S.Con.Res.102 - A concurrent resolution to express the sense of the Congress regarding the 50th anniversary of the Supreme Court decision in Brown v. Board of Education of Topeka.108th Congress (2003-2004)
Concurrent ResolutionHide Overview
|Sponsor:||Sen. Brownback, Sam [R-KS] (Introduced 05/03/2004)|
|Committees:||Senate - Judiciary | House - Judiciary|
|Latest Action:||House - 05/10/2004 Referred to the House Committee on the Judiciary. (All Actions)|
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Text: S.Con.Res.102 — 108th Congress (2003-2004)All Information (Except Text)
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Referred in House (05/10/2004)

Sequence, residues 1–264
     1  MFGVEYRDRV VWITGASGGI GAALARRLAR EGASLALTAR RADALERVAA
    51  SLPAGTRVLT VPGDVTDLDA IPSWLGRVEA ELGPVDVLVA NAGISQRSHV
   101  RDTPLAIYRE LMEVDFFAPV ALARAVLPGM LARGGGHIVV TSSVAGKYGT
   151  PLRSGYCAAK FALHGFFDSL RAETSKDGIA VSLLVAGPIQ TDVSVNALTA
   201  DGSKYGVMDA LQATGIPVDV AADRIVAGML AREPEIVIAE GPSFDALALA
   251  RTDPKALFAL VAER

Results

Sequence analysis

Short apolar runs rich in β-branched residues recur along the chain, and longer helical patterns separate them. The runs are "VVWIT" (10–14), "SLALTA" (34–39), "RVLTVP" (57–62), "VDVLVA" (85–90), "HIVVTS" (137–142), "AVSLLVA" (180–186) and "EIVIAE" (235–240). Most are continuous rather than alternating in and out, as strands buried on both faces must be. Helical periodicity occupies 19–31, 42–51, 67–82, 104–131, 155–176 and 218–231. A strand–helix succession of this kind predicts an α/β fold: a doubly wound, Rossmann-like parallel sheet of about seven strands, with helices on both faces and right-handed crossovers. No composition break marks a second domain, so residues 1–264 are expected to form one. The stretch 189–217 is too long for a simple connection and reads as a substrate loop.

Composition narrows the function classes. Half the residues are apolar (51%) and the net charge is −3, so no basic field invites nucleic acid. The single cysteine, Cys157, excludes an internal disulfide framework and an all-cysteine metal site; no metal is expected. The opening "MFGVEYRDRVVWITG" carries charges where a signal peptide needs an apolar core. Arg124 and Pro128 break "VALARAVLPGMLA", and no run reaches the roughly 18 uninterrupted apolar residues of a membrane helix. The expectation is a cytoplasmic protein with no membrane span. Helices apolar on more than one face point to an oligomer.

[Congressional Bills 108th Congress] [From the U.S. Government Printing Office] [S. Con. Res. 102 Referred in House (RFH)] 2d Session S. CON. RES. 102 _______________________________________________________________________ IN THE HOUSE OF REPRESENTATIVES May 10, 2004 Referred to the Committee on the Judiciary _______________________________________________________________________ CONCURRENT RESOLUTION To express the sense of the Congress regarding the 50th anniversary of the Supreme Court decision in Brown v. Board of Education of Topeka. Whereas Oliver L. Brown is the namesake of the landmark United States Supreme Court decision of 1954, Brown v. Board of Education (347 U.S. 483, 1954); Whereas Oliver L. Brown is honored as the lead plaintiff in the Topeka, Kansas case which posed a legal challenge to racial segregation in public education; Whereas by 1950, African-American parents began to renew their efforts to challenge State laws that only permitted their children to attend certain schools, and as a result, they organized through the National Association for the Advancement of Colored People (the NAACP), an organization founded in 1909 to address the issue of the unequal and discriminatory treatment experienced by African-Americans throughout the country; Whereas Oliver L. Brown became part of the NAACP strategy led first by Charles Houston and later by Thurgood Marshall, to file suit against various school boards on behalf of such parents and their children; Whereas Oliver L. Brown was a member of a distinguished group of plaintiffs in cases from Kansas (Brown v. Board of Education), Delaware (Gebhart v. Belton), South Carolina (Briggs v. Elliot), and Virginia (Davis v. County School Board of Prince Edward County) that were combined by the United States Supreme Court in Brown v. Board of Education, and in Washington, D.C. (Bolling v. Sharpe), considered separately by the Supreme Court with respect to the District of Columbia; Whereas with respect to cases filed in the State of Kansas-- (1) there were 11 school integration cases dating from 1881 to 1949, prior to Brown v. Board of Education in 1954; (2) in many instances, the schools for African-American children were substandard facilities with out-of-date textbooks and often no basic school supplies; (3) in the fall of 1950, members of the Topeka, Kansas chapter of the NAACP agreed to again challenge the ``separate but equal'' doctrine governing public education; (4) on February 28, 1951, the NAACP filed their case as Oliver L. Brown et al. v. The Board of Education of Topeka Kansas (which represented a group of 13 parents and 20 children); (5) the district court ruled in favor of the school board and the case was appealed to the United States Supreme Court; (6) at the Supreme Court level, the case was combined with other NAACP cases from Delaware, South Carolina, Virginia, and Washington, D.C. (which was later heard separately); and (7) the combined cases became known as Oliver L. Brown et al. v. The Board of Education of Topeka, et al.; Whereas with respect to the Virginia case of Davis et al. v. Prince Edward County Board of Supervisors-- (1) one of the few public high schools available to African-Americans in the State of Virginia was Robert Moton High School in Prince Edward County; (2) built in 1943, it was never large enough to accommodate its student population; (3) the gross inadequacies of these classrooms sparked a student strike in 1951; (4) the NAACP soon joined their struggles and challenged the inferior quality of their school facilities in court; and (5) although the United States District Court ordered that the plaintiffs be provided with equal school facilities, they were denied access to the schools for white students in their area; Whereas with respect to the South Carolina case of Briggs v. R.W. Elliott-- (1) in Clarendon County, South Carolina, the State NAACP first attempted, unsuccessfully and with a single plaintiff, to take legal action in 1947 against the inferior conditions that African-American students experienced under South Carolina's racially segregated school system; (2) by 1951, community activists convinced African-American parents to join the NAACP efforts to file a class action suit in United States District Court; (3) the court found that the schools designated for African-Americans were grossly inadequate in terms of buildings, transportation, and teacher salaries when compared to the schools provided for white students; and (4) an order to equalize the facilities was virtually ignored by school officials, and the schools were never made equal; Whereas with respect to the Delaware cases of Belton v. Gebhart and Bulah v. Gebhart-- (1) first petitioned in 1951, these cases challenged the inferior conditions of 2 African-American schools; (2) in the suburb of Claymont, Delaware, African-American children were prohibited from attending the area's local high school, and in the rural community of Hockessin, Delaware, African-American students were forced to attend a dilapidated 1-room schoolhouse, and were not provided transportation to the school, while white children in the area were provided transportation and a better school facility; (3) both plaintiffs were represented by local NAACP attorneys; and (4) though the State Supreme Court ruled in favor of the plaintiffs, the decision did not apply to all schools in Delaware; Whereas with respect to the District of Columbia case of Bolling, et al. v. C. Melvin Sharpe, et al.-- (1) 11 African-American junior high school students were taken on a field trip to Washington, D.C.'s new John Philip Sousa School for white students only; (2) the African-American students were denied admittance to the school and ordered to return to their inadequate school; and (3) in 1951, a suit was filed on behalf of the students, and after review with the Brown case in 1954, the United States Supreme Court ruled that segregation in the Nation's capital was unconstitutional; Whereas on May 17, 1954, at 12:52 p.m., the United States Supreme Court ruled that the discriminatory nature of racial segregation ``violates the 14th Amendment to the Constitution, which guarantees all citizens equal protection of the laws''; Whereas the decision in Brown v. Board of Education set the stage for dismantling racial segregation throughout the country; Whereas the quiet courage of Oliver L. Brown and his fellow plaintiffs asserted the right of African-American people to have equal access to social, political, and communal structures; Whereas our country is indebted to the work of the NAACP Legal Defense and Educational Fund, Inc., Howard University Law School, the NAACP, and the individual plaintiffs in the cases considered by the Supreme Court; Whereas Reverend Oliver L. Brown died in 1961, and because the landmark United States Supreme Court decision bears his name, he is remembered as an icon for justice, freedom, and equal rights; and Whereas the national importance of the Brown v. Board of Education decision had a profound impact on American culture, affecting families, communities, and governments by outlawing racial segregation in public education, resulting in the abolition of legal discrimination on any basis: Now, therefore, be it Resolved by the Senate (the House of Representatives concurring), That-- (1) the Congress recognizes and honors the 50th anniversary of the Supreme Court decision in Brown v. Board of Education of Topeka; (2) the Congress encourages all people of the United States to recognize the importance of the Supreme Court decision in Brown v. Board of Education of Topeka; and (3) by celebrating the 50th anniversary of the Brown v. Board of Education of Topeka, the Nation will be able to refresh and renew the importance of equality in society. Passed the Senate May 6, 2004. Attest: EMILY J. REYNOLDS, Secretary.